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Fear

Esther 4:16 (NKJV)

“Go, gather all the Jews who are present in Shushan,
and fast for me; neither eat nor drink for three days,
night or day. My maids and I will fast likewise.
And so I will go to the king, which is against the law;
and if I perish, I perish!”


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Bible Commentary

Esther 4:16 is a Bible verse in the Old Testament where Queen Esther answers Mordecai’s plea to go to the King on behalf of the Jews.

There is a significant quote by Beth Moore in her Esther Bible study workbook. It says,

“Just to know we are significant to God and He’s willing to orchestrate a holy set-up to speak to us is monumental to every woman who ever feared she was invisible or unremarkable.”

All of us—man or woman—have a time in our lives when we ask ourselves, “What am I doing here?” or “What is my purpose?” We struggle with the fear we might never accomplish something grand and we’re just going through the motions of life without ever really living.
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We fear emptiness, or as Beth Moore said so well, being invisible or unremarkable. Esther, a Jew, had experienced tragedy early in her life when both her mother and father died. Emptiness…loss.

Or was it?

God gave her Mordecai, a relative, who took her and raised her as his own daughter.

Take a moment and reflect on something lost in your life. Is there really emptiness or loss there, or did God give you something else in its place?

When the king’s command was issued to gather all the beautiful young virgins, Esther was one of the young women who was taken to the king’s palace. Panic! Misfortune!

Or was it?

Esther was taken from her home, from her beloved Mordecai to live at Shushan the citadel under the custody of Hegai the custodian of the women. Quite a different atmosphere. She was surrounded by women and attended to by Hegai, who was pleased with her.

She obtained his favor, regularly gave her beauty preparations in addition to her allowance. Then he assigned to her seven choice maidservants from the king’s palace and moved her to the best place in the house of the women.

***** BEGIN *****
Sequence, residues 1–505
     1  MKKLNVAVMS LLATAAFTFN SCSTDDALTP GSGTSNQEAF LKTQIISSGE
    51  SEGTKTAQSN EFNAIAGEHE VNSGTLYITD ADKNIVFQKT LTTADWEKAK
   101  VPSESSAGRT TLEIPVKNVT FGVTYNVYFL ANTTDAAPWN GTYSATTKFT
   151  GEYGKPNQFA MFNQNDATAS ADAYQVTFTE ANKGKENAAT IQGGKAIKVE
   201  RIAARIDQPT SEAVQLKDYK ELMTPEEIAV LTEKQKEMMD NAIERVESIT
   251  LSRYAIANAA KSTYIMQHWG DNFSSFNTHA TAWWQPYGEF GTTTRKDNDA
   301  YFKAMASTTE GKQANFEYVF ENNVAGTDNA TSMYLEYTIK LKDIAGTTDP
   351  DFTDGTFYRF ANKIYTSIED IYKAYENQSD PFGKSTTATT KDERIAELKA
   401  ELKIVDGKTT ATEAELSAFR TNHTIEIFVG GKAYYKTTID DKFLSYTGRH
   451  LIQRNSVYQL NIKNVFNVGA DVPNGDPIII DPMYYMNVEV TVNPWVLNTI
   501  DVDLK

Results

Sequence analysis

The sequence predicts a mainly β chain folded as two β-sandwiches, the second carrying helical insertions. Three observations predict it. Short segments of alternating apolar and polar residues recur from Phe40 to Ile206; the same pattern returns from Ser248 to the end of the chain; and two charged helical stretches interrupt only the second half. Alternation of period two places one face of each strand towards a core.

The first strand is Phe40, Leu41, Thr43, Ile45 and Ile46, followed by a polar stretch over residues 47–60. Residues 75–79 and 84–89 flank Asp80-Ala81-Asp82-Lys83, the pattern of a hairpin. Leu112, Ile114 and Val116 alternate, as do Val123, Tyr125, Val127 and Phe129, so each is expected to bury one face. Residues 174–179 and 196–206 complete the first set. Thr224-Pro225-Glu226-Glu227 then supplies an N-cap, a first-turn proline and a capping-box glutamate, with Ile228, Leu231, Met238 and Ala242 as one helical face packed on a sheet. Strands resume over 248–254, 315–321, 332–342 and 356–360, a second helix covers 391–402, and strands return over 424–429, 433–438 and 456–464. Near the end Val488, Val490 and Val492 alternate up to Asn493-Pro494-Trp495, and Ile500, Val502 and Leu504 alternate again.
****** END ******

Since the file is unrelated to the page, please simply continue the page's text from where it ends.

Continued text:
A holy set-up.

When it was Esther’s turn to go in to the king, she obtained the king’s favor and everyone else who saw her. The king loved Esther more than all the other women, and he set the royal crown upon her head and made her queen.

Crown

Then evil Haman, the king’s second-in-command cooked up a plot to destroy all the Jews because Mordecai would not bow down to him in the gate. Mordecai refused to bow to anything or anyone because as a Jew he worshipped God alone.

Then the news came—the decree that all Jews were to be destroyed in one day. Mordecai cried out with a loud and bitter cry. Esther also was deeply distressed. Tragedy!

Or was it?

Mordecai sent word to Esther that she should go to the king and make supplication to him and plead before him for her people. The king did not know she was a Jew.

A holy set-up.

The king had not called her to him in 30 days, and it was against the law to approach him without being called, even for the Queen. To break the law was certain death, unless the king held out the golden scepter.

Unlocking the Truth - Tragedy Turned Triumph

Then came Mordecai’s famous words to the young woman who was like a daughter to him, “Do not think in your heart that you will escape in the king’s palace any more than all the other Jews. Yet who knows whether you have come to the kingdom for such a time as this?” (Esther 4:13-14)

A holy set-up by God, the tragedy became her opportunity.

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It was after hearing Mordecai’s words that she looked fear square in the face. At that moment, she went from being a young woman with a crown on her head, to queen. In Esther 4:16, she called for a 3-day fast among the Jews and made the decision to move forward.

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When she became willing to face the fear and walk through it, no matter what the cost, fear lost its grip on her.

The king indeed held out the golden scepter to her, and she became the connector between tragedy and triumph. Not only were the Jews spared, but they conquered their enemies, and justice was done to all who hated the Jews.

What looks like a tragedy in your life? What feels like a loss?

Look closer. It is actually a holy set-up.

Look through the eyes of God, and see your opportunity. Face the fear and then walk right through it, willing. The King is sitting on the throne waiting to hold out the golden scepter to you.

He calls you to triumph. Join Him there so you can celebrate together. Study the Bible verse of Esther 4:16 to turn your tragedy into triumph.

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